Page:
What a joy to be part of the recent Embrace Rwanda Trip to Rwanda. We have read so much about Rwanda over the years, but it is another thing to actually be there. Thank you so much for your faithful thoughts and prayers during our African visit.
After air flights covering 14,000 kilometres, we took a taxi to the Kigali Cathedral where we were greeted by Bishop Louis Muvunyi, Pastor Samuel, Dean of St Etienne’s Anglican Cathedral and his staff. Kigali Cathedral is the place where so many remarkable gatherings have taken place with Archbishop Emmanuel Kolini and the new Rwandan Primate, Archbishop Onesphore Rwaje. As well as the seats in the Cathedral, they have an outside speaker system for overflow crowds.
Coming to Rwanda was a dream come true. We had the chance to tour the Milles Collines Hotel, made famous by the significantly inaccurate ‘Hotel Rwanda’ movie. We learned that one of the ways that the people survived in that hotel during the100 days of genocide in 1994 was by drinking the water from the swimming pool.
On the first night in Rwanda, we stayed at the Kigali Cathedral Guest House where we met Bishop Mpango, a retired Tanzanian bishop staying at the Kigeme Cathedral guest house. He is very interested in helping launch people in businesses that can then invest in helping others. Being deeply jetlagged, our time clock was way out of whack, waking up at all times of the day/night. Even with DEET and a mosquito net, I had to kill six buzzing mosquitoes that first night just to sleep. The meals provided were very tasty. We were very careful to not eat any uncooked vegetables, and thankfully never became sick during or after the trip.
I had a very strong sense from God that we were to purchase a guitar, then use it in the music workshops that Janice would teach, before donating it to the Kigali Cathedral. The problem was that we already had way too much luggage, including a massive duffle bag of baby clothes. The solution was to purchase it in Kigali just before we went on a ‘sardine-packed’ bus to Kigeme. A man working at the Kigali Station agreed to take me five blocks so that I could purchase this guitar for 70,000 Francs (around $105 Canadian/US). Unfortunately I forgot to purchase extra strings which I did later in Kikongoro many days later, after breaking a string on my first day in Kigeme! I was also pleased to see the Cathedral’s other guitar which had been donated on the ACiC Mission Trip six years ago. Sadly the E-string was totally dead. But after new strings, the original guitar was in fine form. In the workshop, we taught the participants how to tune a guitar. It is amazing the difference between a guitar in tune or almost in tune. The Cathedral had a third guitar but it was literally in three pieces. All in all, this felt as if we had obeyed the promptings of God’s still small voice. It is sometimes hard to tell whether it is God or just us.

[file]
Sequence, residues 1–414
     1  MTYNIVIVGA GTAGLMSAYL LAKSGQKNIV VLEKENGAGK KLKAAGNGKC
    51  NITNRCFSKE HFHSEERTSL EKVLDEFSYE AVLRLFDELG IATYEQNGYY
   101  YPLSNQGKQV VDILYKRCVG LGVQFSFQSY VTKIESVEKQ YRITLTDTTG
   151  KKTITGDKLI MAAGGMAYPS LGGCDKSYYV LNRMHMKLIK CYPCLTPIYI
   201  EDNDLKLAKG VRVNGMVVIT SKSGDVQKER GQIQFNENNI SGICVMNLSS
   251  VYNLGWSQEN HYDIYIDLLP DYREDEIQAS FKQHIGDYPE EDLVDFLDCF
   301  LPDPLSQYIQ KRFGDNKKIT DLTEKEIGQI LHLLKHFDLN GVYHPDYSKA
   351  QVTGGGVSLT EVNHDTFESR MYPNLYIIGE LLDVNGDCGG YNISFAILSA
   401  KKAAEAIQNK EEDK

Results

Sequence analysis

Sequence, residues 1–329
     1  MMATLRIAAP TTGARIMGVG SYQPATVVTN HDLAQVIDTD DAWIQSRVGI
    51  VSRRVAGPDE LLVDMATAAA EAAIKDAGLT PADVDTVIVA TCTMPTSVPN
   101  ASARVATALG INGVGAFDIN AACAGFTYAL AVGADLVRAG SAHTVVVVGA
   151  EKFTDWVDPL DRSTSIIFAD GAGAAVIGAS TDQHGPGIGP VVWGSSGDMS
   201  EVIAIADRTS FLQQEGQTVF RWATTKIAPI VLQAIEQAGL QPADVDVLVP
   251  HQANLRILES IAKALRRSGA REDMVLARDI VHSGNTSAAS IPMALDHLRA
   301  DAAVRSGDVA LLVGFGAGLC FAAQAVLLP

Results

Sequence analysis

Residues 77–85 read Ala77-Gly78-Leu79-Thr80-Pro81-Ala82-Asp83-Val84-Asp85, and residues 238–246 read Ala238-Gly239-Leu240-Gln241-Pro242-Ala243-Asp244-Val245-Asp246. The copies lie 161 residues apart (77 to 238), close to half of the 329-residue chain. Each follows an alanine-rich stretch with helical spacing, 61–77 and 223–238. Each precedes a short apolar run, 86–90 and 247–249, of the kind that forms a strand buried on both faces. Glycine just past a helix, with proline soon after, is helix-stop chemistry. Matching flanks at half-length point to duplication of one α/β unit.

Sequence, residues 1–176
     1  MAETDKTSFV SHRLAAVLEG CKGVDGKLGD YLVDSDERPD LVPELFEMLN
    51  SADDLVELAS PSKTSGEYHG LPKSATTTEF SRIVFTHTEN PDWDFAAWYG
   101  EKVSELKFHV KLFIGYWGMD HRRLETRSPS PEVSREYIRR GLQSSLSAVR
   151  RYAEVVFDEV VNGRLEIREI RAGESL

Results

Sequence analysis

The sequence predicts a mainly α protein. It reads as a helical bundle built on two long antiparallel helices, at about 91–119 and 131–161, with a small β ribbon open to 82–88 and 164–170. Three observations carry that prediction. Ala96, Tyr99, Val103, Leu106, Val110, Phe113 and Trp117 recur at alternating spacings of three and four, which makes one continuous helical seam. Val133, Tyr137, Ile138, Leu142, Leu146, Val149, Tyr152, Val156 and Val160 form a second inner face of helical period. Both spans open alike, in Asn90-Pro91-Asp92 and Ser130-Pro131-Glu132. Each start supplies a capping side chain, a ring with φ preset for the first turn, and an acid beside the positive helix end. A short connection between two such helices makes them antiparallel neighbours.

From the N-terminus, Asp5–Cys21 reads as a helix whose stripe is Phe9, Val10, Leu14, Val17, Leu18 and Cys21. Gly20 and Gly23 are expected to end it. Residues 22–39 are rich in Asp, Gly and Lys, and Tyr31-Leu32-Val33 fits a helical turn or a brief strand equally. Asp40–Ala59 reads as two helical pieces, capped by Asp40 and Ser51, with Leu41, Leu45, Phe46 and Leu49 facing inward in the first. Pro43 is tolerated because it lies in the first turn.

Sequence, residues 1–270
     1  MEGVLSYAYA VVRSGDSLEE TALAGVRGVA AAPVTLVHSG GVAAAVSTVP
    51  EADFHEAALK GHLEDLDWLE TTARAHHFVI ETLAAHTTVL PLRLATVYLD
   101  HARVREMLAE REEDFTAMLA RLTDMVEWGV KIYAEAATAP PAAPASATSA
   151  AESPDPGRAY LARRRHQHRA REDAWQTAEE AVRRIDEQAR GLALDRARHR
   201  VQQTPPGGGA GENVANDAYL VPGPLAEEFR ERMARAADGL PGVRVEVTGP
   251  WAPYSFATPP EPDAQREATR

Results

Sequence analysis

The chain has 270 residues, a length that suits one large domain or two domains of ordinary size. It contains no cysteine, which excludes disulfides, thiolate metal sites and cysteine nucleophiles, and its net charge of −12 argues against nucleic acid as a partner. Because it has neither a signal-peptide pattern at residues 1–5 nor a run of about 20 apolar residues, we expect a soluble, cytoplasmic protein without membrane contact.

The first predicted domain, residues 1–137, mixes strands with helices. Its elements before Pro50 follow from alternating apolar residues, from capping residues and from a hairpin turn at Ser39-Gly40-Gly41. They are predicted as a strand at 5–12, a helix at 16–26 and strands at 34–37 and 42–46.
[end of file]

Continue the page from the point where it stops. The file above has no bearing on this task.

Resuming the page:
Having spent the first day at Rwanda’s capital of Kigali, we took a sardine-packed bus to the southwestern town of Kigeme. As the Canadian wing of the Anglican Mission in the Americas, we have been asked to have a special relationship with the Anglican diocese of Kigeme, led by Bishop Augustin Mvunabandi. As my wife Janice Hird is a UBC Music grad & our St. Simon’s NV Music Director, she was invited to lead four music workshops that week at the Kigeme Cathedral. The Rwandan people are such remarkably gifted singers, dancers and worshippers.
Education, health, and church planting were core values of the original Anglican missionary who came to Kigeme in 1932. The Kigeme Anglican Hospital was birthed from the original 1932 vision for medical care and healing through prayer. The compassion of Jesus has been wired into the very DNA of this hospital. The staff even starts every day with a half hour of worship. While we were at the hospital, a mission team from the Anglican congregation in Maidenhead, UK, came to do many tasks, including rewiring the Kigeme Anglican Hospital. Thank God for people with electrical skills who can use them to help others in need. We particularly enjoyed meeting Pastor Samuel, the Chaplain for the Kigeme Anglican Hospital, whom I found to be very godly and Spirit-filled. It is clear that the Anglican investment in health has made a significant difference for local Rwandans in the Kigeme area. The goal of the Rwandan Anglicans in Kigeme is that everyone plays their part in extending God’s Kingdom and rebuilding their nation. Our Embrace Rwanda* team, led by our local Deep Cover Hilary King, makes it possible for Canadians to share in this rebuilding in practical ways involving the Healthy Mums Project, purchasing goats for mothers in need, and building multi-use chapels which assist in educational needs.
Given the tragic genocide in Rwanda 17 years ago, it was wonderful to see how peaceful the country has become, how it is being rebuilt, and how much reconciliation has happened among people who have suffered so deeply and lost so many family and friends. It inspires me to keep short accounts with others, as we are so easily offended as Canadians, and not always that good at forgiving even petty offences. “…as we forgive those who trespass against us.”
The Reverend Ed Hird, Rector
St Simon’s Church North Vancouver
Anglican Coalition in Canada/TheAM